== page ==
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Inspection Summary


Overall summary & rating

Good

Updated 7 January 2017

This inspection took place on 7 November 2016 and was unannounced.

There was a registered manager in post. A registered manager is a person who has registered with the Care Quality Commission to manage the service. Like registered providers, they are ‘registered persons’. Registered persons have legal responsibility for meeting the requirements in the Health and Social Care Act 2008 and associated Regulations about how the service is run.

1 Ridgewood Drive is a purpose built home for up to five people with learning disabilities and complex physical needs. Accommodation is provided over one floor. At the time of our inspection there were five people living at the home.

At our last inspection in October 2015, we identified concerns with staffing levels and compliance with the Mental Capacity Act (2005). At this inspection, we found that action had been taken to resolve the concerns.

People received their medicines safely. Medicines were stored safely and systems were in place to ensure medicine stock could be monitored and audited.

Staff training was tailored to the individual needs of people who lived at the home. Staff told us that they had good access to training and people and relatives told us that staff were effective in their roles.

Risk assessments promoted independence whilst also ensuring people were kept safe from known hazards. Where incidents had occurred, measures were taken to prevent a reoccurrence. Staff understood their roles in safeguarding people.

Staff provided care in line with the Mental Capacity Act (2005) (MCA). Records demonstrated that people’s rights were protected as staff acted in accordance with the MCA when being supported to make specific decisions. Where people had restrictions placed upon them, these were applied for appropriately.

People were supported by kind, compassionate staff who knew them well. Care plans were person centred and reflected people’s needs and preferences. Reviews happened regularly to identify changes in people’s needs.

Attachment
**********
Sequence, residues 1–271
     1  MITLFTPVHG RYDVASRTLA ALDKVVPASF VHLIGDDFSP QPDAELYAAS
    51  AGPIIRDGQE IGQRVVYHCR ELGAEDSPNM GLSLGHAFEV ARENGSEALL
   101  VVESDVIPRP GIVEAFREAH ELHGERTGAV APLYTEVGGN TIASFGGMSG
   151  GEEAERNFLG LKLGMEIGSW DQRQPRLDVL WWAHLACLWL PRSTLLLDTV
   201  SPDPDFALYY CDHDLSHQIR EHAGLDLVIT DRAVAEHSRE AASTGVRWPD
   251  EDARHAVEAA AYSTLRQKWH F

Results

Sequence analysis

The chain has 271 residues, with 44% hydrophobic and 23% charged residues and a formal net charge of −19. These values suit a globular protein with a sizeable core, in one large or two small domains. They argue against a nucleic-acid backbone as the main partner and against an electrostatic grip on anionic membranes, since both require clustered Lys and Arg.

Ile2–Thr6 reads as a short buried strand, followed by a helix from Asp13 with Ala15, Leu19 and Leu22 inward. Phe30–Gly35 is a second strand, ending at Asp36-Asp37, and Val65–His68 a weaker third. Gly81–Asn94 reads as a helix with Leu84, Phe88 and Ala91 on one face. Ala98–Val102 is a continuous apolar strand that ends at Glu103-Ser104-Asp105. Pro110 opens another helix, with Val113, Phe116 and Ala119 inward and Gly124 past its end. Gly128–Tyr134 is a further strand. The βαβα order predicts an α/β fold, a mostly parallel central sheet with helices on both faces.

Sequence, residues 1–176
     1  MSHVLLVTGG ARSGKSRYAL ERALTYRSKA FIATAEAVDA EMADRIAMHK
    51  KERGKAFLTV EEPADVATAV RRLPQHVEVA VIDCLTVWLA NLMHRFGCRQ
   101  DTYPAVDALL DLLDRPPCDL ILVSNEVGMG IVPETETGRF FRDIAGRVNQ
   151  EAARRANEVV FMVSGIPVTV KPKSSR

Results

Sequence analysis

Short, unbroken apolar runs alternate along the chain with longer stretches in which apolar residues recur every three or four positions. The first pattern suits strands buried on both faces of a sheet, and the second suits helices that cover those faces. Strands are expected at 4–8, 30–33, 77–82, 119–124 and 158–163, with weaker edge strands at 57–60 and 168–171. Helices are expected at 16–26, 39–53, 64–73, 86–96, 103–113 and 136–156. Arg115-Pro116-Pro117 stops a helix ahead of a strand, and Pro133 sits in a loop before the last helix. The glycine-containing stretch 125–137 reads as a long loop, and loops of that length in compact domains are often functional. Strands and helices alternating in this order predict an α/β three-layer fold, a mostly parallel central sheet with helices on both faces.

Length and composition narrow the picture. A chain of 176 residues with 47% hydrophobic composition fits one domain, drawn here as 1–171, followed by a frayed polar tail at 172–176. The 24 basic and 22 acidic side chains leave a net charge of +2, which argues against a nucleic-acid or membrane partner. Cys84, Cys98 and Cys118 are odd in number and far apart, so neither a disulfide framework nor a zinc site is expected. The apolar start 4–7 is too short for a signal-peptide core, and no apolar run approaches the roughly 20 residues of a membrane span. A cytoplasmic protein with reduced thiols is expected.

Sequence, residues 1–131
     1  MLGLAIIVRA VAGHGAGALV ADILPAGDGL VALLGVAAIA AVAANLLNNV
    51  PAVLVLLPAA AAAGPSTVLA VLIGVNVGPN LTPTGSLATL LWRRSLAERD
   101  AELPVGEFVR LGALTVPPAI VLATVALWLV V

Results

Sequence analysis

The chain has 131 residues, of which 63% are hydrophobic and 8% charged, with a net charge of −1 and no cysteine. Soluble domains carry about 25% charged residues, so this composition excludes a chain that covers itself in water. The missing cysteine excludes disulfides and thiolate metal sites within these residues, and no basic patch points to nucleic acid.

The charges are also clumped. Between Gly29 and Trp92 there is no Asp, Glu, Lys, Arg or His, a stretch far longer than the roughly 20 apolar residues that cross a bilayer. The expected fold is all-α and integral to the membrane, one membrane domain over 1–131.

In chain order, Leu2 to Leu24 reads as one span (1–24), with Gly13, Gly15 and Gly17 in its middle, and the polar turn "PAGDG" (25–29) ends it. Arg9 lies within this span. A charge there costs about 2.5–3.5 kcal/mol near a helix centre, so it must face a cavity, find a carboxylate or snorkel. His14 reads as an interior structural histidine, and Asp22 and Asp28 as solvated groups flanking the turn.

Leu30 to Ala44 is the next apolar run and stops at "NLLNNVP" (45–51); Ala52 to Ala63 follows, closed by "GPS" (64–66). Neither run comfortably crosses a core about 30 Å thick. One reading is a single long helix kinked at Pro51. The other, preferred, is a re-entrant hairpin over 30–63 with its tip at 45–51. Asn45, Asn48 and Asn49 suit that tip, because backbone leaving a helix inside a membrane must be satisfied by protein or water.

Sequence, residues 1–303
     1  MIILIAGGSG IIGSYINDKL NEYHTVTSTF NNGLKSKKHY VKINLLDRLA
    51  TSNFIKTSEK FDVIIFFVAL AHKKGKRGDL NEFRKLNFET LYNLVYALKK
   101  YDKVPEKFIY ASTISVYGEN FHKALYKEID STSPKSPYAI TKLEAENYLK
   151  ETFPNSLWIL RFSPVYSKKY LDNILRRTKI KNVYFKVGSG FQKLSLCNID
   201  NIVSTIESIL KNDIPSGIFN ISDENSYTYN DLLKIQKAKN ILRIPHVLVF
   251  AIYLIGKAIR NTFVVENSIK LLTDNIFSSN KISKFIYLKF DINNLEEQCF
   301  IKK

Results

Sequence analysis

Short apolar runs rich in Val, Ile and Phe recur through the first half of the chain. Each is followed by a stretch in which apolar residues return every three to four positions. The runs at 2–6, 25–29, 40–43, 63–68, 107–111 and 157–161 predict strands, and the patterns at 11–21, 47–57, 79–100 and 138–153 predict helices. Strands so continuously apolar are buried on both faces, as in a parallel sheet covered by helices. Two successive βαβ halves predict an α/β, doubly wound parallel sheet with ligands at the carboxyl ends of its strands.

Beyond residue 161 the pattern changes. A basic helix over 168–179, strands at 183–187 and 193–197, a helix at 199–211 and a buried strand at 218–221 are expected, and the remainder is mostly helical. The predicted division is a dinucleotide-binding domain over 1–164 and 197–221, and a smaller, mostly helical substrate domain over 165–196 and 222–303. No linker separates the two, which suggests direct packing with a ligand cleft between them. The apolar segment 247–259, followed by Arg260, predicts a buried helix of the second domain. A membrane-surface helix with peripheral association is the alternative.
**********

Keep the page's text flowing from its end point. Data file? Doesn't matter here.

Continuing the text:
People lived in an inclusive atmosphere where they were involved in decisions about their home. People had access to a wide range of activities and regular parties and events at the home.

People were supported to eat meals that they enjoyed in line with their dietary requirements. Staff followed the guidance of healthcare professionals where appropriate and we saw evidence of staff working alongside healthcare professionals to achieve positive outcomes for people.

Staff told us that they were well supported by management and were encouraged to make suggestions or raise concerns. Relatives told us that they had a positive relationship with the registered manager and our observations showed people got along well with the registered manager.

Systems were in place to measure the quality of the care that people received. Where shortfalls were identified, the registered manager made improvements to improve the quality of people’s care. People and relatives were given opportunities to provide feedback and were aware of how to make a complaint.

Inspection areas

Safe

Good

Updated 7 January 2017

The service was safe.

Staff were aware of their responsibilities in safeguarding people and understood how to follow procedures to keep people safe.

Risk assessments promoted independence whilst also ensuring people were kept safe from known hazards.

Accidents and incidents were recorded and systems were in place to monitor patterns and respond appropriately.

Contingency systems and emergency procedures were in place in case of emergencies and staff understood how to respond.

People’s medicines were stored and administered safely by trained staff.

Effective

Good

Updated 7 January 2017

The service was effective.

People were supported to eat food in line with their preferences. People’s dietary requirements were met.

People were supported by staff who were trained and knowledgeable about their individual needs.

Staff understood the Mental Capacity Act (2005) and people were supported in line with its’ guidance.

People had access to a range of healthcare professionals, who were involved in assessments and reviews.

Caring

Good

Updated 7 January 2017

The service was caring.

People were supported by staff that knew them well.

People were included in decisions about their care and staff encouraged them to be independent.

Staff respected people’s privacy and dignity.

Responsive

Good

Updated 7 January 2017

The service was responsive.

Assessments and care plans were person centred and reflected people’s needs, interests and preferences.

People were supported to engage in activities that were meaningful to them.

A complaints policy and procedure was in place that gave people opportunities to raise any concerns that they might have.

Well-led

Good

Updated 7 January 2017

The service was well- led.

Staff told us that they had support from management and had opportunities to contribute to the running of the service.

People’s feedback was sought in order to identify improvements that could be made.

Systems were in place to monitor the quality of care and to ensure that people received good care.